Faith and Order Board.
REPORTS on ecumenical relations, doctrine, and liturgy were discussed and carried by the General Synod of the Scottish Episcopal Church last Friday morning.
Canon John McLuckie, the convener of the Inter-Church Relations Committee, spoke on the European Conference of Churches’s vocation to build bridges. The Scottish Episcopal Church had rejoined it last year (News, 15 June).
“We now share in this work,” he said, “even as our Government takes us out of the EU.”
The Revd Dr Liam Fraser, an ecumenical guest from the Church of Scotland, commended the work of the committee and the working group. “We live in changed times. The forces of secularity that have emptied our churches is sweeping through our land,” he said. “It does not matter what denomination we are: it is coming for all of us.” The Church had the choice to work apart, or stand together.
The Revd Markus Dünzkofer (Edinburgh) urged the Synod not to lose sight of its European connections. “We are doing amazing work for refugees from Syria,” he said. He suggested in future inviting a Roman Catholic delegate from Europe to the Synod.
Presenting the report from the Liturgy Committee, its convener, Dr John Davies, said that gender-exclusive language had been considered in the Creed, and other liturgy, as had a new rite for baptism, and experimental collects for Holy Week and Easter. He welcomed feedback.
“Our starting-point is that all worship is grounded in the self-revelation of God,” he said. “The task is about understanding the whole liturgy, as a repository of truth, rather than to develop a theological view or mission.”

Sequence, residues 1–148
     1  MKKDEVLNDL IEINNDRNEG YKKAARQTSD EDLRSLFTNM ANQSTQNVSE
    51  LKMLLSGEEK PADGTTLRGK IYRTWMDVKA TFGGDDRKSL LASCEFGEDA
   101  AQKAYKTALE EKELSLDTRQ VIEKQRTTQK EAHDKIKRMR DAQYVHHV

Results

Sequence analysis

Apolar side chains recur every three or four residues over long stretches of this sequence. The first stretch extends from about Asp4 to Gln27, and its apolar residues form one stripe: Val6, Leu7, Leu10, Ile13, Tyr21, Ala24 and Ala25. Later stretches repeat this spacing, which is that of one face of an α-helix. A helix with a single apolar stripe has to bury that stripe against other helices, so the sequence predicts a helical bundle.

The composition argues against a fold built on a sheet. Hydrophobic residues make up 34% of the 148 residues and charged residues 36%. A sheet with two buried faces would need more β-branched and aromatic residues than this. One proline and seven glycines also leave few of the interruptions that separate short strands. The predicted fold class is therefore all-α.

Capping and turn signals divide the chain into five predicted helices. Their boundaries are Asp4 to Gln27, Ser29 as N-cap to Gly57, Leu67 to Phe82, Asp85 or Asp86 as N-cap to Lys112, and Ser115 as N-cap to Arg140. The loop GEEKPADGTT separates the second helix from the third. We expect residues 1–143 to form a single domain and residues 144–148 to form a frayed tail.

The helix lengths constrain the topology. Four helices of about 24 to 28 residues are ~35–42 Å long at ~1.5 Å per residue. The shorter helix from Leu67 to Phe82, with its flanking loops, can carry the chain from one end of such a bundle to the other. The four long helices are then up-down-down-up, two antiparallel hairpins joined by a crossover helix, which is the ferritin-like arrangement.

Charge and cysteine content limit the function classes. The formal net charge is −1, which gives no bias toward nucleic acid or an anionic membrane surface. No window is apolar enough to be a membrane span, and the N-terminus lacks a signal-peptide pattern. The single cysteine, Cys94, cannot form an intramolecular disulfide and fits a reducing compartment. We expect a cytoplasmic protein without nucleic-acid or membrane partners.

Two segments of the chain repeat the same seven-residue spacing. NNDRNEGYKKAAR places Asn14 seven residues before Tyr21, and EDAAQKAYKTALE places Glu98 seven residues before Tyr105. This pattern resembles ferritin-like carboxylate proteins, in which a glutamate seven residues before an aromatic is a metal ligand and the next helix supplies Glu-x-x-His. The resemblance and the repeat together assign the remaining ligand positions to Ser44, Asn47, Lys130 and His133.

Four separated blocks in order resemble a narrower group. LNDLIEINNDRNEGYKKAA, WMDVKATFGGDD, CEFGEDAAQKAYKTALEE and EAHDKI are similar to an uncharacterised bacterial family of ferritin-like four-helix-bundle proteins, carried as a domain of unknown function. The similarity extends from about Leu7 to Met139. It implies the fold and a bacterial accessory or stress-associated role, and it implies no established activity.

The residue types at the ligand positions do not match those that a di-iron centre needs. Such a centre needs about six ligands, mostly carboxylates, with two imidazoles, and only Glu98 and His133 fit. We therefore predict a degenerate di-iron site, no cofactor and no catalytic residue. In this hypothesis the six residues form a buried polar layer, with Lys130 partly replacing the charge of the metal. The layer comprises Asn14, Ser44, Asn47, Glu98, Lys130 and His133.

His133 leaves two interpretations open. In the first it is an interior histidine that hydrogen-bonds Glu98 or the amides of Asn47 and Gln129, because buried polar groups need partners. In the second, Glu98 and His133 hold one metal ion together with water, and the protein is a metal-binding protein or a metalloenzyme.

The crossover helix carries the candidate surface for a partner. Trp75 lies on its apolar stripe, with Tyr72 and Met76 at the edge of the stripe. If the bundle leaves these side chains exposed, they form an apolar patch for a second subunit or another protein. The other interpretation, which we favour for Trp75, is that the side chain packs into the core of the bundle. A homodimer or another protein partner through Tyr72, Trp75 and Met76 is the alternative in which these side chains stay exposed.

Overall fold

There were requests from the floor of the Synod for specific forms of liturgy. The Revd Peter Harris (Edinburgh) called for a new eucharistic prayer for people with a “lower church” background; and the Revd Professor Annalu Waller (Brechin) asked for more inclusive liturgies to be considered, including people with learning disabilities.
Seasonal resources had brought “real joy” to the Revd David Paton-Williams (Edinburgh), who called for a specific three-year lectionary cycle for the ecumenical season of creation, which was popular in other denominations. And the Revd Liz Baker (St Andrews) asked for an “easy liturgy” for children in churches where there was no Sunday school.
The Doctrine Committee had considered the theological forum of the Church of Scotland on same-sex marriage, and responded to a government questionnaire on the 2004 Gender Recognition Act, the Revd Professor David Jasper (Glasgow) said.
Read further coverage of the General Synod of the Scottish Episcopal Church here.